That's too bad about the girl saying it looked tacky. Sounds like she was jealous. I made my MS GD a sweater from cotton yarn and she told me she was asked where she got her sweater so her friend could go get one for herself. Even though you got something of a backhanded compliment, it was a compliment just the same. Middle schoolers are impossible creatures! We love them just the same. I hated sewing at school, all I learned was I didn't like the way the teacher had us do anything. When she found out I had made the princess seam jacket I was wearing and matched the checks she decided that maybe I could sew. She was not a good teacher, nobody learned anything except sewing sucks from her. I still shudder at the thought.

DavidSydney63
09-26-2012, 09:13 AM
Oh, my goodness!!! At 11:00pm on a slightly chilly Sydney Wednesday evening I finished my hoodie!!

I'm on cloud nine - now, remains to sew it up using matress stitch. I've never done this so feeling a little out of my comfort zone.

YAY !!!

It's been a nightmare because I knitted half of it first time, and realised my gauge was off so started again.

My lesson - always "do the guage" (tension square where I come from).

Antares
09-26-2012, 09:42 AM
Congrats on your finished hoodie, David.

Now get that puppy sewn together and let's see a picture of it!! After all, if it's "chilly," you may need to wear it soon.

DavidSydney63
09-26-2012, 09:53 AM
Sewing the puppy together is causing me MUCH stress. I've just watched an amazing "YouTube" demonstrating matress stitch.

The instructions "TO MAKE UP" were written by someone who was obviously on his/her last bottle of ink.

here it is:

DO NOT PRESS. Join should seams. Placing centre of sleeve to shoulder seam, sew sleeves evenly between coloured threads. Join side and sleeve seams. Fold hood in half and join back seam. Sew hood in position, easing any extra fullness across back neck if necessary and placing shaped front edges to front neck, as pictured.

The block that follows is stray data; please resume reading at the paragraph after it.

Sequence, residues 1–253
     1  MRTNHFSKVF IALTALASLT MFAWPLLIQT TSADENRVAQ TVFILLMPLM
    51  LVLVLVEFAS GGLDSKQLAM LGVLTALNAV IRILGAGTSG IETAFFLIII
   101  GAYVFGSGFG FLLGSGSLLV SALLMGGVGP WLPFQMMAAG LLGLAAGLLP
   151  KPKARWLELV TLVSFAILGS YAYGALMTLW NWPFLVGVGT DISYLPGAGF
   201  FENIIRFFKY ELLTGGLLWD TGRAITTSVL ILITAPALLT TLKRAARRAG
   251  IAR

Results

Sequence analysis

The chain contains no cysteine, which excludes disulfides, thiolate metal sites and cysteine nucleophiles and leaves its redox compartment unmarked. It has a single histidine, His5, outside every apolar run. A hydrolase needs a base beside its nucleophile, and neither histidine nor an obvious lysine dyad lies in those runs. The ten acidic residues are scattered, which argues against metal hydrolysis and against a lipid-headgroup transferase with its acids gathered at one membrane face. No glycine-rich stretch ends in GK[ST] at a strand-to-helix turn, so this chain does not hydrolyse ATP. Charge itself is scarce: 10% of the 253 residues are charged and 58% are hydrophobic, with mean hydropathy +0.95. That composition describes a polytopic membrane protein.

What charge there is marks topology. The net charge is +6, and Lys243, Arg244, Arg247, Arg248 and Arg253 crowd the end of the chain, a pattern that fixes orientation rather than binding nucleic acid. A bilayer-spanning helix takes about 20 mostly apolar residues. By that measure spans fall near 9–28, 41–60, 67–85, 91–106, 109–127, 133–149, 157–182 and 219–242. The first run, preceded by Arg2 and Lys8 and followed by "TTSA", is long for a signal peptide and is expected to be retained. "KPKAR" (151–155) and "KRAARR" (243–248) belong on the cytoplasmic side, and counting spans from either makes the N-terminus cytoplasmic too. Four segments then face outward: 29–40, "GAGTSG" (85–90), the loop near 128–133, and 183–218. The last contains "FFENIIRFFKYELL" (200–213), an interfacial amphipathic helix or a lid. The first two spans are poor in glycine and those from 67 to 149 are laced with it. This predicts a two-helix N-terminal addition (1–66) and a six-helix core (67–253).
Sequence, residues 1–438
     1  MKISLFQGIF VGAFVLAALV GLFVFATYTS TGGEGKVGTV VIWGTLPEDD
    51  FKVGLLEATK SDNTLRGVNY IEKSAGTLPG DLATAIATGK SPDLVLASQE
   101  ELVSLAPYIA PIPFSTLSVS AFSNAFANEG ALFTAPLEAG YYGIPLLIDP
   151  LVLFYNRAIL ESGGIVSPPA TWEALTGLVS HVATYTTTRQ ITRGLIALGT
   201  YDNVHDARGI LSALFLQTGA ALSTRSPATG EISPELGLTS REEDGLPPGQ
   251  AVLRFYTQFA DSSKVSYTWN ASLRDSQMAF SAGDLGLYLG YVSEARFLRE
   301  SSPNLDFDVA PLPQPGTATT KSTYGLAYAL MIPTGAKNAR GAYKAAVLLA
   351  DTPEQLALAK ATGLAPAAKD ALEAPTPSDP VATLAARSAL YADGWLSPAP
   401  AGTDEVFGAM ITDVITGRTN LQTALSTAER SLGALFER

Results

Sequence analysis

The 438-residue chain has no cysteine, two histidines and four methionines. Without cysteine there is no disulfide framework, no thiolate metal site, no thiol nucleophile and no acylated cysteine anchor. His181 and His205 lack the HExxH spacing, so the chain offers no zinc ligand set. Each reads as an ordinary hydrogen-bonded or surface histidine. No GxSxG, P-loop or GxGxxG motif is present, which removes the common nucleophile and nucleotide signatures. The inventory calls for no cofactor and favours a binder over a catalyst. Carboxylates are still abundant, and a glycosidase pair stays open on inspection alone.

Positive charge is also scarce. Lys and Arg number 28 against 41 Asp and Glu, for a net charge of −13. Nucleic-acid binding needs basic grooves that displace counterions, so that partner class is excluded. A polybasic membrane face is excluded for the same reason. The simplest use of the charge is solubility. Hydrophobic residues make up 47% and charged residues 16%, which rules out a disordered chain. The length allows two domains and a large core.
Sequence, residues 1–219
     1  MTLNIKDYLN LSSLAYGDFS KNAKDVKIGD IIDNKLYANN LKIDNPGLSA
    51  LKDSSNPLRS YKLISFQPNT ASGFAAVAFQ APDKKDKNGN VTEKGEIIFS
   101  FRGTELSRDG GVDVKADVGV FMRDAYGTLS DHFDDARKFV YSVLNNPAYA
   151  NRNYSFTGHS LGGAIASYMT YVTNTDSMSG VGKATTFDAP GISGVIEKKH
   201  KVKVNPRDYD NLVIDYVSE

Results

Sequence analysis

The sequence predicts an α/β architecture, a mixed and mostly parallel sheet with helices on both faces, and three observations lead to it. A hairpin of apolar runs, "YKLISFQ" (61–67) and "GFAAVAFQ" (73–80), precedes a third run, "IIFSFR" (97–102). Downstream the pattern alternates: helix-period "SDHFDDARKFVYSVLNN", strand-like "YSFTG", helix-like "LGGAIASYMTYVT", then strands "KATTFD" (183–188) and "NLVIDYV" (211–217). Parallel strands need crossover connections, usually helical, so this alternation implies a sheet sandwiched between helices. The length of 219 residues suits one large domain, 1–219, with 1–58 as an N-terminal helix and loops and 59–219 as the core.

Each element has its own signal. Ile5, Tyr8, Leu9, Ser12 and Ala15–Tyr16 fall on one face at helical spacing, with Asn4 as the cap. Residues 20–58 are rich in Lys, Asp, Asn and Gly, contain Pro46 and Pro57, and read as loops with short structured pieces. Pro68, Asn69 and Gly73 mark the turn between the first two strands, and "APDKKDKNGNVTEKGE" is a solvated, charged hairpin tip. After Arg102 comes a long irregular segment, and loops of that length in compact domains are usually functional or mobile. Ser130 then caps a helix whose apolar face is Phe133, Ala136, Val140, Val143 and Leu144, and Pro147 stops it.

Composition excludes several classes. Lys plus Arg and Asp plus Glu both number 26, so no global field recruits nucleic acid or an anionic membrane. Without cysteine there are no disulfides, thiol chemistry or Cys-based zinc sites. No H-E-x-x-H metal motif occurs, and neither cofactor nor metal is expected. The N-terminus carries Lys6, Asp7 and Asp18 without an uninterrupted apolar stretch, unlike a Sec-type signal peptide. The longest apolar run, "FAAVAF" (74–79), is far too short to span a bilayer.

YEAH RIGHT

:knitting:

GrumpyGramma
09-26-2012, 01:54 PM
:yay: :woot: :thumbsup: :happydance: :balloons:
Wonderful!

I think for me it might not be possible to knit a hoodie once and be done, the ones I made must have been knitted 3 or 4 x each. :teehee: But then, I jumped off the deep end and started a hooded cardigan when I started knitting.

suzeeq
09-26-2012, 04:22 PM
Actually, that's how most finishing instructions read. They won't give you the steps for how to seam, figuring you would learn that somewhere else.

Antares
09-26-2012, 05:31 PM
The instructions "TO MAKE UP" were written by someone who was obviously on his/her last bottle of ink.

here it is:

DO NOT PRESS. Join should seams. Placing centre of sleeve to shoulder seam, sew sleeves evenly between coloured threads. Join side and sleeve seams. Fold hood in half and join back seam. Sew hood in position, easing any extra fullness across back neck if necessary and placing shaped front edges to front neck, as pictured.

Sounds to me like this person was drinking the last bottle of ink while he or she was writing the "instructions."

I hope you can find better guidance than this, and if you have a specific question, ask here. You know you'll get a good answer double-quick!

fatoldladyinpjs
09-26-2012, 06:47 PM
Actually, those directions sound about right. I sewed all my kids' clothes when they were little. That's the correct order to put a garment together. I suggest you pin the pieces together before you seam them. They stretch out and you may find they don't line up. Then you have to take it all out and start over. Much easier to pin it together every inch or two all the way along the seam.